Utah School District Brings Back the Bible

Terrie L. Zeller / shutterstock.com
Terrie L. Zeller / shutterstock.com

One of the best things about the United States is that we can worship and believe as we want. And yet, in schools all across our nation, it seems that right is being stripped away from our youth.

For example, the Bible, more specifically the King James Bible, was recently banned from all Davis School District elementary schools.

Why? Become a single parent, found out it was in a school library and didn’t like it. They complained to the school board that the book contained “violence and profanity” that was unacceptable for youth.

Within a matter of weeks, the Bible was banned.

According to the original request for the book’s removal, it contains at least 49 pages in which “inappropriate” things are mentioned or described, such as murder, sex, and even incest. Naturally, this didn’t sit too well with some board members or parents.

To be sure, the Bible is not exactly your typical children’s book. The first few books of the Old Testament can be particularly brutal sometimes. There is murder; there is war; there is sex; there is incest; there is polygamy. I mean, there’s a very good reason most children’s Bibles don’t include all the gory details.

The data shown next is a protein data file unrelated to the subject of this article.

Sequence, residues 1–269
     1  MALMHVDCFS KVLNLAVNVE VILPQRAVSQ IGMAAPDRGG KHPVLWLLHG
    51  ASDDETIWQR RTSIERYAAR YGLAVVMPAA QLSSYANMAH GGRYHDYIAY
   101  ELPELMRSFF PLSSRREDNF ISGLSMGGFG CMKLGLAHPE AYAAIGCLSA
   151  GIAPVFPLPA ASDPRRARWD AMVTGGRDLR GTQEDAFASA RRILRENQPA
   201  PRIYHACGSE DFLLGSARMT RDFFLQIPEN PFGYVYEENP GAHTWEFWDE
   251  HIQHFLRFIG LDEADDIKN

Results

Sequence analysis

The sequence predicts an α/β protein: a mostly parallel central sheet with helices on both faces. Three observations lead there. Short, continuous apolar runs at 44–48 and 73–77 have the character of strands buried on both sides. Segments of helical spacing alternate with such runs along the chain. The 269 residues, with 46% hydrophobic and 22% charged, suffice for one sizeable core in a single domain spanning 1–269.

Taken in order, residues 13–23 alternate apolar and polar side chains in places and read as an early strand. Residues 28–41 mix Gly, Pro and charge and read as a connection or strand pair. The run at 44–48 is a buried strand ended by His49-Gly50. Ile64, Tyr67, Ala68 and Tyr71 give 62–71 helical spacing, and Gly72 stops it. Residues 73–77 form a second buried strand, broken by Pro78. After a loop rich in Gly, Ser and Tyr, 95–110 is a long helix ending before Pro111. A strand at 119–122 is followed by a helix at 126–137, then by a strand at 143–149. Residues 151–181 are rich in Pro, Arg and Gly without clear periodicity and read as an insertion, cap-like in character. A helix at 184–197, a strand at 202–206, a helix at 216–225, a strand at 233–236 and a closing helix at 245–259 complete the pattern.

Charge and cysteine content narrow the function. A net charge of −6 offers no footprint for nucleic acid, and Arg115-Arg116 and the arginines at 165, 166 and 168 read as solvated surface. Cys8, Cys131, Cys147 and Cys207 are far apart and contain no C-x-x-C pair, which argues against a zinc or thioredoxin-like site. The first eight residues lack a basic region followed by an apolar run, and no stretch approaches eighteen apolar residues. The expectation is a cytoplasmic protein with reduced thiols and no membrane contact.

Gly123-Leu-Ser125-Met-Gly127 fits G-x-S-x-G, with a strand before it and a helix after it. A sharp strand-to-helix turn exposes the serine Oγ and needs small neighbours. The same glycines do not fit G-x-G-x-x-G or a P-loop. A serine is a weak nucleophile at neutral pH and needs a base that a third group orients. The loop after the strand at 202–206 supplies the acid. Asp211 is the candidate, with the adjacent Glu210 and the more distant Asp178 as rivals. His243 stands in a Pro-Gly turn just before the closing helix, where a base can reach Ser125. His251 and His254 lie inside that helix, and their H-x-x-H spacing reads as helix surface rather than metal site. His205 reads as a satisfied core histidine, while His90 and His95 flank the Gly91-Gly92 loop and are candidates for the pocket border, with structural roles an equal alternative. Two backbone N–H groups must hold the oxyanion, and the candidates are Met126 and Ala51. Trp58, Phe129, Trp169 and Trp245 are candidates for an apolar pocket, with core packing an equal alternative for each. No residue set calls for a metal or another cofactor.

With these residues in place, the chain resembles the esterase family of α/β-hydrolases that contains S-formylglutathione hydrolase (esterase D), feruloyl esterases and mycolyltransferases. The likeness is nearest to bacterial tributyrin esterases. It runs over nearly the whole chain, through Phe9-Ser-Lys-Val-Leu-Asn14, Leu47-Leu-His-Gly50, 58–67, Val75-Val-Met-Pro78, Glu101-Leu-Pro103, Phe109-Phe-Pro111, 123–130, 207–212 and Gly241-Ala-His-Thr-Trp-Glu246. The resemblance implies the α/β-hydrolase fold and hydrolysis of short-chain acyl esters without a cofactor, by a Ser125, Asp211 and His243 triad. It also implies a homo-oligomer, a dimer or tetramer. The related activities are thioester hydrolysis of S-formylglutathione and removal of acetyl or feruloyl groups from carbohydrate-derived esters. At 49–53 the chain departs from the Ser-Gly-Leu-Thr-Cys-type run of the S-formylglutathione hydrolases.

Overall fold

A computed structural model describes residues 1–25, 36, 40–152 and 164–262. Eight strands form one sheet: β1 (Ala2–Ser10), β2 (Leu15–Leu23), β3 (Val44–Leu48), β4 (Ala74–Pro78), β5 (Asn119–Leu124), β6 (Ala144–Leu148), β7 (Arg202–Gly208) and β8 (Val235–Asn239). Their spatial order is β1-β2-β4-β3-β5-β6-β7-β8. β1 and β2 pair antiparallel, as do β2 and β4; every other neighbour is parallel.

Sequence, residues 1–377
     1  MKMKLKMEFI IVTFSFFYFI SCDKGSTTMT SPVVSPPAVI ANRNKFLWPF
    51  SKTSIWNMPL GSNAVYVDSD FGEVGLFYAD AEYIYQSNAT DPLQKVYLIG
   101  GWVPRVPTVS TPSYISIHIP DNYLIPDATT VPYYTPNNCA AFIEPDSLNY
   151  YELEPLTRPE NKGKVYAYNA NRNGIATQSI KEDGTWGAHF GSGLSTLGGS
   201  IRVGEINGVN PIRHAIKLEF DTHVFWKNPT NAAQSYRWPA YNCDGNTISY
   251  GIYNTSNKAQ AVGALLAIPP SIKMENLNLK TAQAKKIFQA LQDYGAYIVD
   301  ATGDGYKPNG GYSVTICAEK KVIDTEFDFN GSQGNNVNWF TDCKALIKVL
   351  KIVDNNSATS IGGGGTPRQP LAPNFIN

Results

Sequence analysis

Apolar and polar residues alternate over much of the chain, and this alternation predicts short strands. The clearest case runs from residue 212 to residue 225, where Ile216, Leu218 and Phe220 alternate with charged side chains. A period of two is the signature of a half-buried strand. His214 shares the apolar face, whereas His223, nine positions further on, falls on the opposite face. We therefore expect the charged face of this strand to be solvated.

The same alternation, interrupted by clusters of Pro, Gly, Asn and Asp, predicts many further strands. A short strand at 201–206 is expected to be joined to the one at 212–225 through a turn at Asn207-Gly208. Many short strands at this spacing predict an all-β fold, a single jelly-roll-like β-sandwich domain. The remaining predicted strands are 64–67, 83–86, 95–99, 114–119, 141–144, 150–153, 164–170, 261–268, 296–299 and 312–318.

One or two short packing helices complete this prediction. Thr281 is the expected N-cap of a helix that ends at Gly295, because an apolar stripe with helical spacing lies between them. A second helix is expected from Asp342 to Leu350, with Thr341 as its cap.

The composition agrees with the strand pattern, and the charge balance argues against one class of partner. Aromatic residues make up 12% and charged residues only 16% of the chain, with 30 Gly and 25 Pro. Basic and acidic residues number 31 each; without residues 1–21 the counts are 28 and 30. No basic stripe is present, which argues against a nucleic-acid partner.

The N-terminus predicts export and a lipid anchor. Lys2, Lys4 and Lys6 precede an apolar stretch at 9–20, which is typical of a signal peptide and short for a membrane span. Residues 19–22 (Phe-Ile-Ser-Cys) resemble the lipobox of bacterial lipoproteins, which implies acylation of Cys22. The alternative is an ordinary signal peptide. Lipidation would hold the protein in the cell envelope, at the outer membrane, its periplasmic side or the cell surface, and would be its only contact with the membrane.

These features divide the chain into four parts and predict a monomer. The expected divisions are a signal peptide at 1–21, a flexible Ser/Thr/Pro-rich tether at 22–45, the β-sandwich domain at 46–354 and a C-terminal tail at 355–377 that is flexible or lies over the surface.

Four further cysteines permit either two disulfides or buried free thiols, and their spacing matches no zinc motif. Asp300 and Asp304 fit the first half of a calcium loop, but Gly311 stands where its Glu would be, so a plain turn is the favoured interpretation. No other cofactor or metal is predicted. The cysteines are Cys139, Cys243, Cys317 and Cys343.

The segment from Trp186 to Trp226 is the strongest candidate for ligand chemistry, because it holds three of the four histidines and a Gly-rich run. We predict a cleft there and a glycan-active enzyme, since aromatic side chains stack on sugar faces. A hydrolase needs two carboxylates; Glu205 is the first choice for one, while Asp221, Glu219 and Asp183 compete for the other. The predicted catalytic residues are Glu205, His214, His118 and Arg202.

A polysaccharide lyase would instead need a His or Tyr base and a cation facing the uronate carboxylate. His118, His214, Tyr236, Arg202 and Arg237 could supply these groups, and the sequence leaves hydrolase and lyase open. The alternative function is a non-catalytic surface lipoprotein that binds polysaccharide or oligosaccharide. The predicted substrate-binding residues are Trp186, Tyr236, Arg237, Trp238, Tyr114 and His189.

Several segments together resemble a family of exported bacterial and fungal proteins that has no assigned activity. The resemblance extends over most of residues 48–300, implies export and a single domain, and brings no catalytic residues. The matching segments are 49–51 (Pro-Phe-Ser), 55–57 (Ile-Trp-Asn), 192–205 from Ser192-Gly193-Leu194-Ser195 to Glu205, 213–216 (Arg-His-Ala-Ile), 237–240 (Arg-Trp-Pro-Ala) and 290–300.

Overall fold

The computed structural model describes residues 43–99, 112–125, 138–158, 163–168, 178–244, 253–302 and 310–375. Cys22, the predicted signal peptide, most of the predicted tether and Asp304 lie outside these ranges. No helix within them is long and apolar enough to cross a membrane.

It’s also a big part of why most children are taught Bible stories rather than given a King James and expected to read on their own. In this way, they are given the big picture of the stories, learning lessons on goodness, faith, purity, etc., without having to imagine the worst of it or what living those stories would actually be like.

But to ban the book because it has a few rough spots?

Thankfully, enough parents appealed the ban to make the board seriously reconsider and eventually cancel the ban entirely.

According to the committee’s decision, “Based on their assessment of community standards, the appeal committee determined that The Bible has significant, serious value for minors which outweigh the violent or vulgar content it contains.”

The big picture matters more, as does a child’s ability to access major religious and literary works.